Press


Selected interviews and features…


CHANCE MAGAZINE
(a new printed magazine about theater, design and aesthetics)
2013: Video feature which previews our in-print 26-page spread about Lydian Junction’s  durational performance, Satan in Drag

THEATRE COMMUNICATIONS GROUP (TCG)
2010: In the Trenches video interview

THE NEW YORK TIMES
2012:  In-print feature on Karen Allen talking about her role in Sunde’s production of A Summer Day
2010:  In-print feature on Sunde’s production of No Place Called Home
2005:  Web-media feature on Sunde’s production of The Asphalt Kiss

CULTUREBOT
2009:  Five Questions for Sarah Cameron Sunde

BROOKLYN RAIL
2008: In Conversation with Paul Willis about Sa Ka La

 

Some quotes about the work…

LYDIAN JUNCTION – 2013

“Sarah Cameron Sunde and Lydian Junction present their new work Satan in Drag in print for the first time in The Box. This intimate shoot of a work encapsulating male fear of the uncontained feminine—in a very contained rehearsal space at New Georges, an organization devoted to developing new work by women—displays a degree of invention, creativity and courage rarely seen in a traditional performance environment.”
– CHANCE Magazine

DREAM OF AUTUMN– 2013

A surreal journey: the former Park Schenley Restaurant in Oakland, transformed into a strange graveyard of lost furniture and exposed pipes…a haunting, exploratory space…Fosse’s ‘Dream of Autumn’ is a continuous game of questions without answers. He gives just enough to send you down a path; where it leads is up to you.”
Pittsburgh Post-Gazette

“Autumn has humor and even warmth to fight the coldness of Life.”
– City Paper

“Quantum’s version of the play is a new translation, masterfully put into English by Sarah Cameron Sunde of New York, who directed as well…The play is strange in its tone and rhythms, in the same vein that Godot is strange. But it is not merely Godot Junior, and neither, despite the laughs, is it a farce like Woody Allen’s Love and Death. Death isn’t funny. People die in this play. As, sooner or later, we all shall do. What’s funny—sometimes painfully funny, both in the play and for us—is how we live.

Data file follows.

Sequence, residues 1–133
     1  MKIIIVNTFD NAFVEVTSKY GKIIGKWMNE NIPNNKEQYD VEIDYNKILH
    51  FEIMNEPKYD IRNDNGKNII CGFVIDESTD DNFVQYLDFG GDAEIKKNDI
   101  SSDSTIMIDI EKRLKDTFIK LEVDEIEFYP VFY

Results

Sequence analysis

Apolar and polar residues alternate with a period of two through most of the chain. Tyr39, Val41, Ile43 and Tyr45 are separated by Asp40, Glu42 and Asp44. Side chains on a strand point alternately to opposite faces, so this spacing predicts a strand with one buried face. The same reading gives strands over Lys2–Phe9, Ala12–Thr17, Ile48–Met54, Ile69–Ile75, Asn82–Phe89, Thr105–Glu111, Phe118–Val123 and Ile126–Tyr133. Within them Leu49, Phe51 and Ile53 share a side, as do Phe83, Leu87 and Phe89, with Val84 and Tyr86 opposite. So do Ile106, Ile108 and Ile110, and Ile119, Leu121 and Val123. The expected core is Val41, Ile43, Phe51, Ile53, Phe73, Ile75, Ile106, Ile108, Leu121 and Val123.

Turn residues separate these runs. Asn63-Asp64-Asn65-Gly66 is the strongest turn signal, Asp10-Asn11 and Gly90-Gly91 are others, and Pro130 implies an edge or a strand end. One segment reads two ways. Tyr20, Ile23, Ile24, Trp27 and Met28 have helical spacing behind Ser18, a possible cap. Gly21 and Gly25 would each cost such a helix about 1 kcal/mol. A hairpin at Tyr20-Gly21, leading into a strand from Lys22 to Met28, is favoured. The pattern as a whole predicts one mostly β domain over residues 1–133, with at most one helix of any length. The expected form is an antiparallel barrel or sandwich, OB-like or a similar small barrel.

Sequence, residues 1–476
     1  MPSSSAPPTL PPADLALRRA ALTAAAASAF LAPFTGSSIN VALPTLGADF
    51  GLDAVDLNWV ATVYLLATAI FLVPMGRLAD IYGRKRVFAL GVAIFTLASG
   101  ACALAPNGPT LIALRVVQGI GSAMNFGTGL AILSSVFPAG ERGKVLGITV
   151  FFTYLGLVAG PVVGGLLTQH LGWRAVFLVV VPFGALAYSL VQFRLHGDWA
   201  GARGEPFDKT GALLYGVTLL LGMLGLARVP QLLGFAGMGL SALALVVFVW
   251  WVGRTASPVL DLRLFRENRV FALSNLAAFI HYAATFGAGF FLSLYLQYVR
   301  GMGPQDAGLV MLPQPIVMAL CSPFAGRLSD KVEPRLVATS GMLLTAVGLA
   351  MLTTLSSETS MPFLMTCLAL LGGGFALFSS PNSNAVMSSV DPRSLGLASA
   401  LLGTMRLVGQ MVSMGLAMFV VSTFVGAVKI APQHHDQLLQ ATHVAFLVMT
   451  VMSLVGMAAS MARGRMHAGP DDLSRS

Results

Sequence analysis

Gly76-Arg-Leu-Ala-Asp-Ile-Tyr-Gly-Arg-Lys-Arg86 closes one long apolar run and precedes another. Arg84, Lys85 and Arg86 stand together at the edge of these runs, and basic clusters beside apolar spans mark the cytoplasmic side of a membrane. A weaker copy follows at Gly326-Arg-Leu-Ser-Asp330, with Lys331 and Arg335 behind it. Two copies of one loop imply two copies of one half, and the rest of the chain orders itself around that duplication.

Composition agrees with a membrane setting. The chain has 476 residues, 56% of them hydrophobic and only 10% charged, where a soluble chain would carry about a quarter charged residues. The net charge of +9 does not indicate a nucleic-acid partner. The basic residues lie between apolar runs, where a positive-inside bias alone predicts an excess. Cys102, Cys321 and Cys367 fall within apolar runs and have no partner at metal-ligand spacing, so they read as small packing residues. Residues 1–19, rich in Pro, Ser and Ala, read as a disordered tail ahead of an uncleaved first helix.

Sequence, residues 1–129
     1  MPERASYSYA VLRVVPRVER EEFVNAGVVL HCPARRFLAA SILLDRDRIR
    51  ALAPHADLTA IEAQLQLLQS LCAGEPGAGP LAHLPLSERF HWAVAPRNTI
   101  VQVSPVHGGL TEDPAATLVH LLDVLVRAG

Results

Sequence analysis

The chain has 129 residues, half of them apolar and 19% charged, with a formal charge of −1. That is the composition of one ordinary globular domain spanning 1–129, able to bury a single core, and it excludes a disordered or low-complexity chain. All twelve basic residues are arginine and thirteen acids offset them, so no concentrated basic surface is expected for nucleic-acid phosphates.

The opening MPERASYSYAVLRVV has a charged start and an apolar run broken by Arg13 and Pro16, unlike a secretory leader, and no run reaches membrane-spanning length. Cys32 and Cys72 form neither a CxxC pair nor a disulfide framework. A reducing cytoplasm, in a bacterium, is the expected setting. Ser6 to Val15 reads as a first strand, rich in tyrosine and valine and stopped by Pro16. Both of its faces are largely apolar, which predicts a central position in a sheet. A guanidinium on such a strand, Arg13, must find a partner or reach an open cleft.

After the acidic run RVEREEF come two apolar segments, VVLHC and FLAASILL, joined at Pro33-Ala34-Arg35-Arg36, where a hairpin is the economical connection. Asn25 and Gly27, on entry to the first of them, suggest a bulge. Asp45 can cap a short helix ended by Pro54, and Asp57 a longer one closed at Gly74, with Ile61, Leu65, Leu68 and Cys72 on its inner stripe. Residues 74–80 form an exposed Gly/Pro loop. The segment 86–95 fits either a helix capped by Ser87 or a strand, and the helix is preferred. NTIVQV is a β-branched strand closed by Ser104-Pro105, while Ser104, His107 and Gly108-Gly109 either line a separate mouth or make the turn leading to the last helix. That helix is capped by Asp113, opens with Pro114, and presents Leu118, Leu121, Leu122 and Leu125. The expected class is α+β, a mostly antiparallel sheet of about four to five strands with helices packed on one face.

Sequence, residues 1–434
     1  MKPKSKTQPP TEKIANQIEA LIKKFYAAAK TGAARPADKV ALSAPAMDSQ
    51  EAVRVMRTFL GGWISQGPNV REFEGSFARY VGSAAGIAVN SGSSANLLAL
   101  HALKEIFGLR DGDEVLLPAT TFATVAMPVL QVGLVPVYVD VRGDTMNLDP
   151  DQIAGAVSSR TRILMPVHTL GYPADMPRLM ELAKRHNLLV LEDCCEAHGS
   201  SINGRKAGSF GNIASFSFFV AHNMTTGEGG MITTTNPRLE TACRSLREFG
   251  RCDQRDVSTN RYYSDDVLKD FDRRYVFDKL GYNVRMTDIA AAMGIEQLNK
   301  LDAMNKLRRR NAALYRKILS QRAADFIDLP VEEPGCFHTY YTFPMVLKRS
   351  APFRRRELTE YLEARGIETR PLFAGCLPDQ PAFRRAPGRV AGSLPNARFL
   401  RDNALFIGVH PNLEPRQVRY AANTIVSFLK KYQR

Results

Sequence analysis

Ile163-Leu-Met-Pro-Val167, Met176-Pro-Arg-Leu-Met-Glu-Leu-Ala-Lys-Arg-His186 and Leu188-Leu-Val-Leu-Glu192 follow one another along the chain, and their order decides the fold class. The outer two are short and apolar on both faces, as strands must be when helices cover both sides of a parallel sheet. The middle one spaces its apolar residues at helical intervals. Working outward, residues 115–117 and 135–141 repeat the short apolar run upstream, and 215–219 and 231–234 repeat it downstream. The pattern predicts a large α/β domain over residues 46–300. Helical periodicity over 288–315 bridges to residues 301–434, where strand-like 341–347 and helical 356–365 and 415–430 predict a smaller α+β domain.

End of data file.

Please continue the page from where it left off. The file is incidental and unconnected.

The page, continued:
Entertainment Central Pittsburgh

A SUMMER DAY – 2012

a quietly brutal little work…this production sustains an icy discomfort. At the core of that unease isn’t, as you’d expect, the thought that this could happen to you; it’s the far grimmer notion that this is happening to you, right now and all the time…“A Summer Day” exerts a strong but stealthy undertow, a distinctive dramatic momentum unlike any other in New York theater these days.” 
– Ben Brantley, The New York Times

“Sarah Cameron Sunde, who translated the piece, also directs, with an interesting and vaguely European eye for the power of theatrical design.”
– The New Yorker

“the welcome return of Karen Allen to the New York stage is a treat not to be missed
– AP / Huffington Post

NO PLACE CALLED HOME – 2010

“Over the course of Ms. Schultz’s performance on Thursday, the Iraqi refugee population of New York City increased virtually by something like 10 percent, as she brought stories of urban refugee life into a spare rehearsal room.”
The New York Times

“A surprising love affair…”
Huffington Post

“…within just a few minutes of this one-woman show, written and performed by Kim Schultz- I was genuinely hooked.”
Diplomancyandpower.com

“Punctuating it all is some haunting percussive music by Amikaeyla Gaston. Under Sarah Cameron Sunde’s perceptive direction, Schultz gains our sympathies for a people who many people automatically suspect are our enemies. That alone is no small achievement.”
The Star Ledger

THE DIARY OF A TEENAGE GIRL – 2010

“Heartfelt…sterling technical contributions. Unblinking honesty, stings with truth
New York Times

“Heller and her collaborators provide an affecting portrait of an artist as a very young woman.”
Village Voice

A 360-degree sensorium…The great achievement of The Diary of a Teenage Girl, adapted from Phoebe Gloeckner’s graphic novel, is to take the girl’s point of view seriously. Neither sentimental nor judgmental…the production’s only agenda is to be true to her experience. We enter Minnie’s most private spaces not to learn from her mistakes but to find poetry in the journey.”
Backstage (Critic’s Pick)

“…the attention to detail in every element of the production—the absorption in this girl’s psyche and her environment—are uncanny. I experienced [it]…more like a happening than a traditional piece of theatre-which felt entirely the right way to experience this play.”
NYTheatre.com

“Immensely powerful, raw, not to be forgotten
Broadwayworld.com

“Well paced, well acted, this impressive production
Culturebot

“The Diary of a Teenage Girl: The Play is riveting theater, and as skillful a comics adaptation as I’ve come across. If you’re in New York and have any interest in the semi-autobiographical Phoebe Gloeckner graphic novel from which the play was adapted, or in an unusual and innovative theatrical experience, or simply in a movingly no-bullshit exploration of the lives of young people and the older people who shape them, I’m almost willing to buy you the tickets myself.”